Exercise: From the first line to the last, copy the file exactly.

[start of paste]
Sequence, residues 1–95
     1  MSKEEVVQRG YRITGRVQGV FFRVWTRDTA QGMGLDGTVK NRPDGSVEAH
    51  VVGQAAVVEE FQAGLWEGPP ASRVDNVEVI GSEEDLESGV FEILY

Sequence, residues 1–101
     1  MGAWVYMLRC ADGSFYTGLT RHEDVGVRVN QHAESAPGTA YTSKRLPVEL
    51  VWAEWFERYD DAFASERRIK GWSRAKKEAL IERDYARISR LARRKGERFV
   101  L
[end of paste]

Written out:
Sequence, residues 1–95
     1  MSKEEVVQRG YRITGRVQGV FFRVWTRDTA QGMGLDGTVK NRPDGSVEAH
    51  VVGQAAVVEE FQAGLWEGPP ASRVDNVEVI GSEEDLESGV FEILY

Sequence, residues 1–101
     1  MGAWVYMLRC ADGSFYTGLT RHEDVGVRVN QHAESAPGTA YTSKRLPVEL
    51  VWAEWFERYD DAFASERRIK GWSRAKKEAL IERDYARISR LARRKGERFV
   101  L